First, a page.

5 REASONS Skype for Business is a natural fit for the contact center
Thousands of companies have successfully deployed millions of Skype for Business seats, yet many still don’t think of Skype for Business as a platform for their contact center. What they may not know is that Skype for Business is a natural fit and has significant advantages over legacy PBX platforms. Consider this: There have been more change in telephony technology in the last five years than in the last several decades, and many PBX systems are based on outdated technology. PBX hardware for contact centers will be nearly vestigial in a few years – Skype for Business will be better for your contact center in the future, even if it doesn’t look like the hardware you may be used to with phone wires sticking out of it. Here are five reasons why:
1) Multi-channel communications are here to stay
The industry has fundamentally changed as communications have gone digital – voice interactions will be in the minority as compared to new channels (e.g., IM and Web chat) by the end of 2016.1 Skype for Business was built from the ground up to support voice, IM, video, and screen sharing using the same underlying technology and user interface. It makes using separate software and devices unnecessary, and dramatically ramps up the learning curve for new agents. Think of how little sense it makes to force (and train) users to use one software for calls, another for web chats, another for internal IMs, a separate desk phone for internal calling, and then something else for email or social media or video routing. Agents get pulled in many directions, which makes them less effective at customer service. It also can lead to agents becoming overwhelmed, which can lead to high turnover.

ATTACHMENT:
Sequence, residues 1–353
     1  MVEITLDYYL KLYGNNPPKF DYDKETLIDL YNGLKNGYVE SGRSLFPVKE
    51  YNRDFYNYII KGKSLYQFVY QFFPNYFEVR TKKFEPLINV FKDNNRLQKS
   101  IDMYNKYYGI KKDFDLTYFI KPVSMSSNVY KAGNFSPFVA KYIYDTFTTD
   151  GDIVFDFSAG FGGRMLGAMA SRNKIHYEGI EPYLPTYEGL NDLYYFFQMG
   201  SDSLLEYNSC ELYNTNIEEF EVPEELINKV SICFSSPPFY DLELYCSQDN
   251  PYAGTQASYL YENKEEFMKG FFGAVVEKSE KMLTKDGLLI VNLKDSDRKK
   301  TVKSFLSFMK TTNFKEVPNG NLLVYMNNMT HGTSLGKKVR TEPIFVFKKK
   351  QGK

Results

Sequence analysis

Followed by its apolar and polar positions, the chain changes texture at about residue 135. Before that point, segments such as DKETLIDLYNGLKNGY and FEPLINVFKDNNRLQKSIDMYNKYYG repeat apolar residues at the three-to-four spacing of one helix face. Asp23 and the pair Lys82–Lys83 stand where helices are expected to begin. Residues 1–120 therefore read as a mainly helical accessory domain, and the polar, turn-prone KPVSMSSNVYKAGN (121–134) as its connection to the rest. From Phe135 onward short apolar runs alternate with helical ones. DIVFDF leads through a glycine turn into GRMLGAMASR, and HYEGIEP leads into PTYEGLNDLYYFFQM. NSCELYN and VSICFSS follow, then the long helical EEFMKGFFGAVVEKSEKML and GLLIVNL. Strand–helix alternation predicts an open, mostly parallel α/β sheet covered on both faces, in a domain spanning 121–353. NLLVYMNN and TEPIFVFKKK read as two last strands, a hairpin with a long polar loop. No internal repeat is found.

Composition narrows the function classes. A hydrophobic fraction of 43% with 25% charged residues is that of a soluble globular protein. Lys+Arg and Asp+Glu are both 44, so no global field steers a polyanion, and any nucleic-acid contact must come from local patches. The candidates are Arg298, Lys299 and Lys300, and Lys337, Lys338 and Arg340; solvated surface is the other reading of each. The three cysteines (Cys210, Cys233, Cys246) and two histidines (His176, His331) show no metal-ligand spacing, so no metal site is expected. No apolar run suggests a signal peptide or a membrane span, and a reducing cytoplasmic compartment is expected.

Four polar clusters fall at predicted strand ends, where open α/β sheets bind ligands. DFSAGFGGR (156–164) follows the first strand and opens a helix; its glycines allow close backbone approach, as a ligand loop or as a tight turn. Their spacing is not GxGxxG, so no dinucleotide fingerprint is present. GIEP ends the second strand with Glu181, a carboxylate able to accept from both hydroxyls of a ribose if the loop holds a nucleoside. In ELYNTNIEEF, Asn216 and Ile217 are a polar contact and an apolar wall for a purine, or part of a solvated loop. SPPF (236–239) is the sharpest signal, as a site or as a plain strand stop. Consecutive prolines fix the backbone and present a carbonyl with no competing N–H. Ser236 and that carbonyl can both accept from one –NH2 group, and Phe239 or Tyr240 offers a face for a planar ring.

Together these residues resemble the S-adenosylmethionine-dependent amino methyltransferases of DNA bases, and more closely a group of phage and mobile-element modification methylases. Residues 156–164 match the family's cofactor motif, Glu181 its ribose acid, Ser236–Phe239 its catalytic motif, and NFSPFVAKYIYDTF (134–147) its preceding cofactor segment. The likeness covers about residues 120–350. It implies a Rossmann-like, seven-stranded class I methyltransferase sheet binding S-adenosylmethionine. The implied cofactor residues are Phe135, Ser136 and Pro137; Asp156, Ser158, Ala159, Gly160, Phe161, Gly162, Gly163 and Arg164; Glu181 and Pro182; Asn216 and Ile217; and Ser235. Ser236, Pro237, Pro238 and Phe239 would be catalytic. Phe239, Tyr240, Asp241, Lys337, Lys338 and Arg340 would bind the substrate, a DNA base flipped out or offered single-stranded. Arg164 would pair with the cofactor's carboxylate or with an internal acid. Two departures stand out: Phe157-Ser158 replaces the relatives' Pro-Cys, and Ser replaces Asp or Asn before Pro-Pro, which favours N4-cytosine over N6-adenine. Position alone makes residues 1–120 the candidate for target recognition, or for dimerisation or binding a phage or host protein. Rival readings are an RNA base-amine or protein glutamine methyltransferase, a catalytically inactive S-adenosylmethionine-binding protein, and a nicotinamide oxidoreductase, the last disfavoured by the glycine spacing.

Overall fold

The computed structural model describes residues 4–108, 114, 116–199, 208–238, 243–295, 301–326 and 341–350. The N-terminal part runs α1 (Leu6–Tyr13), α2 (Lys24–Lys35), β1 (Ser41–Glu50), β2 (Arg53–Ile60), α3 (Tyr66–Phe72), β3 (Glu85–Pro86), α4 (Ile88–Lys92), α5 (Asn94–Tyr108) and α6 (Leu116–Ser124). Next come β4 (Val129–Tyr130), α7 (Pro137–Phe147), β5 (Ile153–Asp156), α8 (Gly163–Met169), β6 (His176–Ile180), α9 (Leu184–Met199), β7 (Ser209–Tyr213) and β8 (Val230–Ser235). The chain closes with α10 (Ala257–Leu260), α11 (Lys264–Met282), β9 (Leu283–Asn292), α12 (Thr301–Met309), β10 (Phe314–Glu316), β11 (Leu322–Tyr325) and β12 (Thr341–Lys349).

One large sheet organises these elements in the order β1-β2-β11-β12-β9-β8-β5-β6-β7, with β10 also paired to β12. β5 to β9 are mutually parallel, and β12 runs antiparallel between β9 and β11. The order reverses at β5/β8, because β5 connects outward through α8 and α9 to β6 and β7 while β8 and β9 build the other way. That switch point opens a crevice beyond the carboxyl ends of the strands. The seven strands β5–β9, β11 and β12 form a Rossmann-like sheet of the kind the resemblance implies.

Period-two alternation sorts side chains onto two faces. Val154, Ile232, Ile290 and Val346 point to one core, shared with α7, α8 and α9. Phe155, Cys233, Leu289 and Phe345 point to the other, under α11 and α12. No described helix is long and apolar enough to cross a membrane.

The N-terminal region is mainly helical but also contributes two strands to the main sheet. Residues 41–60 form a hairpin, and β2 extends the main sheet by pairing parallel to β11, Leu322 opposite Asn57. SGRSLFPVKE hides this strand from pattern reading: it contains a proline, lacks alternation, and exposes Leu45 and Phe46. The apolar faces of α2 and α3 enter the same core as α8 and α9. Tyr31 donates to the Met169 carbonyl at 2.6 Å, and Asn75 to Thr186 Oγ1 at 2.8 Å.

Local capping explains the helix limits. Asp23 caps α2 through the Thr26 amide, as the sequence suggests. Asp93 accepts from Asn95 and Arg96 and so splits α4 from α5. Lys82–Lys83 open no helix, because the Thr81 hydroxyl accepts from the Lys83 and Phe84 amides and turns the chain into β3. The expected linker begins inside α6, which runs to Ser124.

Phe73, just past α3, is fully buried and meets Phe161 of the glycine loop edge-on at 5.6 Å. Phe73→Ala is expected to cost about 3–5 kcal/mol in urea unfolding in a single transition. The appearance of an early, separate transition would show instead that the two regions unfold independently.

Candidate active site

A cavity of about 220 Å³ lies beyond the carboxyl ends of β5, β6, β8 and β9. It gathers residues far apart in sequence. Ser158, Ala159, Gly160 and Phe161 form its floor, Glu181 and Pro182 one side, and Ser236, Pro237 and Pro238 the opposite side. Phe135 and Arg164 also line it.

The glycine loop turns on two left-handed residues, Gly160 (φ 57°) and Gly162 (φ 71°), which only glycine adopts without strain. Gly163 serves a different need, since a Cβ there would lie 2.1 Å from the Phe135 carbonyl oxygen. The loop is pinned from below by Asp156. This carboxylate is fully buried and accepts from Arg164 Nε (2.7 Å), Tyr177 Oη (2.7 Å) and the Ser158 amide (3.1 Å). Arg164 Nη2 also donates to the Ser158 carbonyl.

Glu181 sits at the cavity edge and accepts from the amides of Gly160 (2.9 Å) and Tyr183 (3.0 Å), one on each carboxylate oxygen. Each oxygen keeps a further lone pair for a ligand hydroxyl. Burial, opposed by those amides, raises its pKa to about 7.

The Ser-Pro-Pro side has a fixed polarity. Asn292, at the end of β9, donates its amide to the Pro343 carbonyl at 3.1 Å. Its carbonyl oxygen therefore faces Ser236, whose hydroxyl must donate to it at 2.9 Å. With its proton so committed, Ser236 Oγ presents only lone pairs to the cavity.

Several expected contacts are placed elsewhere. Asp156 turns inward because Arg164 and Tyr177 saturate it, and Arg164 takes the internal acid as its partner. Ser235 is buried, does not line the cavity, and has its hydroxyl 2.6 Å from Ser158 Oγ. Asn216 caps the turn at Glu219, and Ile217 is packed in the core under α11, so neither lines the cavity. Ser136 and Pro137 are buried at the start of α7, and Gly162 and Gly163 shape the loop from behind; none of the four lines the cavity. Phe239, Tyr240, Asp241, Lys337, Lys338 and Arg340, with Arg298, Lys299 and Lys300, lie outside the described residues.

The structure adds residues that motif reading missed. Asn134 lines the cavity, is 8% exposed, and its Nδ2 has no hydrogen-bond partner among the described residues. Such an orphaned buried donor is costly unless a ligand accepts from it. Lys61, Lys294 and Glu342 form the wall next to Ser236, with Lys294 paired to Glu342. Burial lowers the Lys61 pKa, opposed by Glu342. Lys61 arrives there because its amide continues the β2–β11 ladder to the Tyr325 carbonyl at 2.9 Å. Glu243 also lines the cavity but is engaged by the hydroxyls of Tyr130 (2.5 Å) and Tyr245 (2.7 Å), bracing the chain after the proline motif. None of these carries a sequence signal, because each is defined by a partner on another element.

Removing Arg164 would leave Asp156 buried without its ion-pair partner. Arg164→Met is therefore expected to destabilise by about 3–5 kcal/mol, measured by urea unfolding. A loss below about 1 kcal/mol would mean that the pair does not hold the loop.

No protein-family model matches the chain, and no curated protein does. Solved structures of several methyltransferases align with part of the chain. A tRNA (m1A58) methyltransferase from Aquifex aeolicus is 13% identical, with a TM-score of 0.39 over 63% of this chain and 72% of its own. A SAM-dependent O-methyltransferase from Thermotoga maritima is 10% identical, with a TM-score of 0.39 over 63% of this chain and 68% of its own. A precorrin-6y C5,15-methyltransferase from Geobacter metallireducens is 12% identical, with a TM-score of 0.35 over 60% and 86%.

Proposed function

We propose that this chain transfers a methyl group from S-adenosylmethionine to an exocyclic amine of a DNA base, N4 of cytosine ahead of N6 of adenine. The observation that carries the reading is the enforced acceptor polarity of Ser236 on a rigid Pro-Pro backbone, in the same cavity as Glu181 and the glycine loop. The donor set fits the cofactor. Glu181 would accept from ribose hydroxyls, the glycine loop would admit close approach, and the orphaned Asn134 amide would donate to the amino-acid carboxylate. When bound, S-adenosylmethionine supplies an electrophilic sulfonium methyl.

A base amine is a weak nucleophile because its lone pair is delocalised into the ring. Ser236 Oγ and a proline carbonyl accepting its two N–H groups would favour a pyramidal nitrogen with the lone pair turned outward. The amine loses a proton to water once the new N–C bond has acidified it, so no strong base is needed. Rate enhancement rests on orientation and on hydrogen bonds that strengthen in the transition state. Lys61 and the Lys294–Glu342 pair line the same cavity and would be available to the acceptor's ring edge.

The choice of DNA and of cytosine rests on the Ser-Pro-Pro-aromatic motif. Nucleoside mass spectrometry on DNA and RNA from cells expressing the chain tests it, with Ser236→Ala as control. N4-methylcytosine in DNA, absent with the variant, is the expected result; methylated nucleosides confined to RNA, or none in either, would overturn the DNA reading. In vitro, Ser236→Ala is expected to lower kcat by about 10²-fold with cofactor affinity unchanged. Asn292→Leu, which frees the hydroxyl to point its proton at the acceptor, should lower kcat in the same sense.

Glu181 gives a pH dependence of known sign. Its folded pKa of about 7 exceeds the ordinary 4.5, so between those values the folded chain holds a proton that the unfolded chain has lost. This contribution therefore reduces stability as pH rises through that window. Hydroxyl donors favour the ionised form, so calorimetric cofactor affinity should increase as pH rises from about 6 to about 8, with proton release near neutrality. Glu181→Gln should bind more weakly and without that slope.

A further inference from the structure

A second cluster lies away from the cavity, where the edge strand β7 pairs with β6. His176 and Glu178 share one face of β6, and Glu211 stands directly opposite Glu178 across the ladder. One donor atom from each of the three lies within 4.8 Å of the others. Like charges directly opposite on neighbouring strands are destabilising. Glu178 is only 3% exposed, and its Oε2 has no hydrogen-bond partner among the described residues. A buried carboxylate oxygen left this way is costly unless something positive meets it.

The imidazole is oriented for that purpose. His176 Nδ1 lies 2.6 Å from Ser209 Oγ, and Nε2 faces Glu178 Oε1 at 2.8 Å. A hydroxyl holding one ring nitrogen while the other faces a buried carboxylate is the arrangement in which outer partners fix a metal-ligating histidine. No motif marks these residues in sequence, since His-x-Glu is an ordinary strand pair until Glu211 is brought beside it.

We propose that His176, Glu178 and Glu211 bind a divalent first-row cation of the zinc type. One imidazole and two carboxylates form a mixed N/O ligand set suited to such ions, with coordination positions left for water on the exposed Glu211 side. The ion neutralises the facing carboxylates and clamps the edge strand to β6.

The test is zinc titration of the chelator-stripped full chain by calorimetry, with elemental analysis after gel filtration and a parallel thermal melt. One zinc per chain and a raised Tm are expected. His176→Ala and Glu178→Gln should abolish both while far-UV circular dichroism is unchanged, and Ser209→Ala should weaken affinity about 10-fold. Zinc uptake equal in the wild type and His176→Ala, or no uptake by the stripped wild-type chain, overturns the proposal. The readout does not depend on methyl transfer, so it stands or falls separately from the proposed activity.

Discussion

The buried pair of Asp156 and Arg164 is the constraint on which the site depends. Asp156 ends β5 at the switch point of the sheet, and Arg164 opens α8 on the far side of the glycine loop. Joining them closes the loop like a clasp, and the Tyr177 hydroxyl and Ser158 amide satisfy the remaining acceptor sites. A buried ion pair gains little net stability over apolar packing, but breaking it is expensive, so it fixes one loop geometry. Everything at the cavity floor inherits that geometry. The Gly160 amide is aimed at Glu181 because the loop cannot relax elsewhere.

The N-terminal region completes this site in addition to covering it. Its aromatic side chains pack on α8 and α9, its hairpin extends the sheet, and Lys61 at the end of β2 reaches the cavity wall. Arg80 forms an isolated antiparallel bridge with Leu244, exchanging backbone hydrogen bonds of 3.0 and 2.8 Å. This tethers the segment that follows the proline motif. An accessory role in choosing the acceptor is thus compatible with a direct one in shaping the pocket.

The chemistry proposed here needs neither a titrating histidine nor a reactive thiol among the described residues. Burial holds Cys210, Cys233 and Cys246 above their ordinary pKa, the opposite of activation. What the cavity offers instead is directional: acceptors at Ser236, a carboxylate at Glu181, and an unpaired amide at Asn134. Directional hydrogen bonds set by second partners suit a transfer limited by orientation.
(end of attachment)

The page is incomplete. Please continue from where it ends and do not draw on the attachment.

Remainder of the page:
2) The contact center is moving to the cloud
The cloud is disrupting how contact centers are deployed: in 2016, 61% of companies are planning on moving their contact center to the cloud in some form, with only 23% planning to retain technology on premises.1 Microsoft has been very focused on building cloud functionality for Office 365 – such as Skype for Business Cloud PBX. Cloud functionality like this will make it much easier for companies to switch from on-premises deployment to the cloud in
the future, and so keep their options open
3) Development and Extensibility
Skype for Business has a robust development platform that allows contact center and other third-party
vendors to automate and build on Skype for Business’s inherent capabilities to enable new features, rather
than loosely tying together two or more separate pieces of technology to get contact center functionality.
The “native” contact center solutions for Skype for Business generally don’t even require a desktop client
application to be deployed at all. Anyone who is a Skype for Business user can handle contact center calls
without further client-side installation – a game changer for quick setup and for mobility.
It’s becoming more important to enable people to take calls at multiple locations with several devices, especially
for subject-matter experts who may not take calls full time. With Skype for Business, Microsoft put a great deal of
effort into seamless and secure external access, so that users can take calls from outside the corporate network
without compromising security for those communications. Contact center platforms built natively for Skype for
Business leverage these investments in mobility and security without any additional effort. With mobility optimized by Skype for Business, there are huge implications for speedy user onboarding, disaster recovery, remote workers, and workers who move around or aren’t easily reachable on a desk phone.
5) Significant cost savings
Apart from all of the advantages for users and customers, one of the most compelling reasons to use
Skype for Business for contact center is purely economic. Native contact center platforms for Skype
for Business can enable all of the key contact center functionality you need without duplicating the
core call connectivity, media processing, and security infrastructure that Skype for Business already
provides. Since this infrastructure is often complex, specialized, and difficult to maintain, Skype for
Business contact centers with the same functionality may be available at a lower price point than
the equivalent in a legacy platform loosely integrated with Skype for Business. Provisioning and
maintaining the contact center also becomes a much less burdensome proposition, eliminating the
need for additional maintenance, staffing, planning, etc. for mostly duplicate infrastructure.